Let’s Boost Our Happy Hormones
I’m not sure I’ve come across anyone who hasn’t felt some degree of sadness, melancholy, anxiety, or depression in the last year. The magnitude of the loss, the feelings of helplessness, and fear of the unknown have left many of us feeling like loose live wires dangling in the wind.
Last month our community had a tragic loss of three beautiful teenage girls. It’s rocking this community, and the grief is deep and widespread, causing negative emotions. Sometimes, we (I) wonder if the sad and scary news will ever end. In our state of mind, we wonder when life will get back to normal. It takes a lot of courage to keep on keeping on.
But what about happiness? What is a happy person? What is true happiness? Good questions, right?
That can be elusive these days. You may be somebody who struggles to find it or, or perhaps greater pleasure for a good life (who couldn’t?). We all strive to have life satisfaction, sense of joy. A happy joyful life.
Today, I thought I’d share a bit of information on something that we have some control over…Our happy hormones. Did you know six lifestyle habits can boost your happy hormones?
What Are Happy Hormones Anyway?
Research shows that almost all hormones play an essential role in our mood and mental health, including sex hormones like estrogen and progesterone and stress hormones, like cortisol, but a small group of hormones have a considerable amount of influence on our sense of joy.
Unhappy people have fewer of these hormones circulating in their bodies, just sayin.
The Hormones That Make You Happy
Often called “the happy hormone,” serotonin is a neurotransmitter known for regulating mood, sleep, appetite, digestion, and memory. Serotonin receptors are the target of SSRIs, the most commonly prescribed class of antidepressant drugs. So, when you’re walking down the street, and the sun is shining, you’re in a good mood, and you start to feel relaxed and joyful; you have serotonin to thank. Live in the present moment, be mindful, and increase serotonin levels in your body.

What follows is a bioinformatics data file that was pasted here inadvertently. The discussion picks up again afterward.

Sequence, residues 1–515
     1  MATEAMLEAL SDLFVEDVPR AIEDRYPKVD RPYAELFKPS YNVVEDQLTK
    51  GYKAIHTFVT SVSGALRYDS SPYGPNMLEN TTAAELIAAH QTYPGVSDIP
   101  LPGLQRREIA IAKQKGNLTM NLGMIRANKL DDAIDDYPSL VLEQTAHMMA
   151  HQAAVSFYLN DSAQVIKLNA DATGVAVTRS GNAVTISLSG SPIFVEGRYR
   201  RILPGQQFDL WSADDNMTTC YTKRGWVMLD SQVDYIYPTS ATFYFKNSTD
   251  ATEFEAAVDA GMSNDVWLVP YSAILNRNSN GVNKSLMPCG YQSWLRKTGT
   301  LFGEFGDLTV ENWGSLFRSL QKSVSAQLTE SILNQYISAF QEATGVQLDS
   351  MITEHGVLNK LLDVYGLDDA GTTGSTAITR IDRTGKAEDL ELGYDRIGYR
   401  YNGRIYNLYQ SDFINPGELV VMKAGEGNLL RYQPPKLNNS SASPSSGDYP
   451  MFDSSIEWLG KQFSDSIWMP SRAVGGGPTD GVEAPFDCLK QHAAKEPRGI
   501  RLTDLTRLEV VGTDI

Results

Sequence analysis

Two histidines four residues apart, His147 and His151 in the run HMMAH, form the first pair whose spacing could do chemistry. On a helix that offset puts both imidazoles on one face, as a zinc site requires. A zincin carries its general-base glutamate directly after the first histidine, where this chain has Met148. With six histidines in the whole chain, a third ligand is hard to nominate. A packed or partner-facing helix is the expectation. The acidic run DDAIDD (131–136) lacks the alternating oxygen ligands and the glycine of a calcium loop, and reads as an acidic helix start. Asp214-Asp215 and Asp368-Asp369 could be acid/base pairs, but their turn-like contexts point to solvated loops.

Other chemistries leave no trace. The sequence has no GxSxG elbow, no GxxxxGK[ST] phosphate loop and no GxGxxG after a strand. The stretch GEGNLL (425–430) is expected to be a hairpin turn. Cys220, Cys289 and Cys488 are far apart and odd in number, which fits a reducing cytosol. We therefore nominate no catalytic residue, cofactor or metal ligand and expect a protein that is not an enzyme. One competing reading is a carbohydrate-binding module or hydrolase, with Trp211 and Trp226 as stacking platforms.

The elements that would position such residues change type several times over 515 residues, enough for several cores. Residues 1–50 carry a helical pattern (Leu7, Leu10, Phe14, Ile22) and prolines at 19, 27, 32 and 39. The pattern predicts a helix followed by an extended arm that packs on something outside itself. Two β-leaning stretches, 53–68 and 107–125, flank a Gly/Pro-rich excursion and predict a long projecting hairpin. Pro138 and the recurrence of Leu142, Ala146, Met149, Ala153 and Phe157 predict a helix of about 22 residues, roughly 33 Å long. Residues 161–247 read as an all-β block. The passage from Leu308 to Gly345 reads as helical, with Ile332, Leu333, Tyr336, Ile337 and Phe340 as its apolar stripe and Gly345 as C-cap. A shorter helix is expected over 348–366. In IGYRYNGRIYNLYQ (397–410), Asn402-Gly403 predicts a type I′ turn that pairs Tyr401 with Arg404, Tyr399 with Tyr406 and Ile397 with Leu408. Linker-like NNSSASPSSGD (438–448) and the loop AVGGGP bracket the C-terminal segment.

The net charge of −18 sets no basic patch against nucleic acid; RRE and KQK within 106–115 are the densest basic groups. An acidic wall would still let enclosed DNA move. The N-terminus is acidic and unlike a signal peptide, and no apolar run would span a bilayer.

This is another feel-good hormone (and neurotransmitter) that’s intricately involved in your brain’s reward system. It plays a big role in your ability to feel pleasure and plan and execute tasks. When you feel an intense feeling of satisfaction after crossing items off your to-do list or crushing a goal at work or school, that’s dopamine at work.
Sometimes referred to as “the love” or “the tend and befriend” hormone, oxytocin (produced by your hypothalamus) is released in response to physical affection and plays a huge role in interpersonal relationships, especially child-parent bonding. It plays a role in social bonding, building relationships, reproduction, childbirth, and breastfeeding. When you feel warm and fuzzy after cuddling with a puppy or a baby, you can thank oxytocin for those feelings.
Known as your body’s “feel-good chemicals,” endorphins are produced by the central nervous system and work via the opioid system in our body. Their main job is to make us feel less pain, but they also help us feel focused and put us in a better mood. When you feel invincible after a workout, a surge in endorphins gets the credit. Endorphins allow us to experience small pleasures in life.
This quartet works together, and they’re responsible for our perception of happiness. They are primarily in control of your mood and feelings of confidence, pleasure, joy, love, and satisfaction daily.
The Pursuit Of Happiness- How Do We Create More Feel Good Vibes In Daily Life?
Now that you know about the connection between your hormones and your mood, you might wonder how we can make them work to our advantage?
6 Simple Lifestyle Habits That Will Boost Your Happy Hormones
There’s a long list of lifestyle factors that can boost your happy hormones and offer a positive effect I and positive outcomes in your life, but here are a few ideas to get you started:
Eat a gut-friendly diet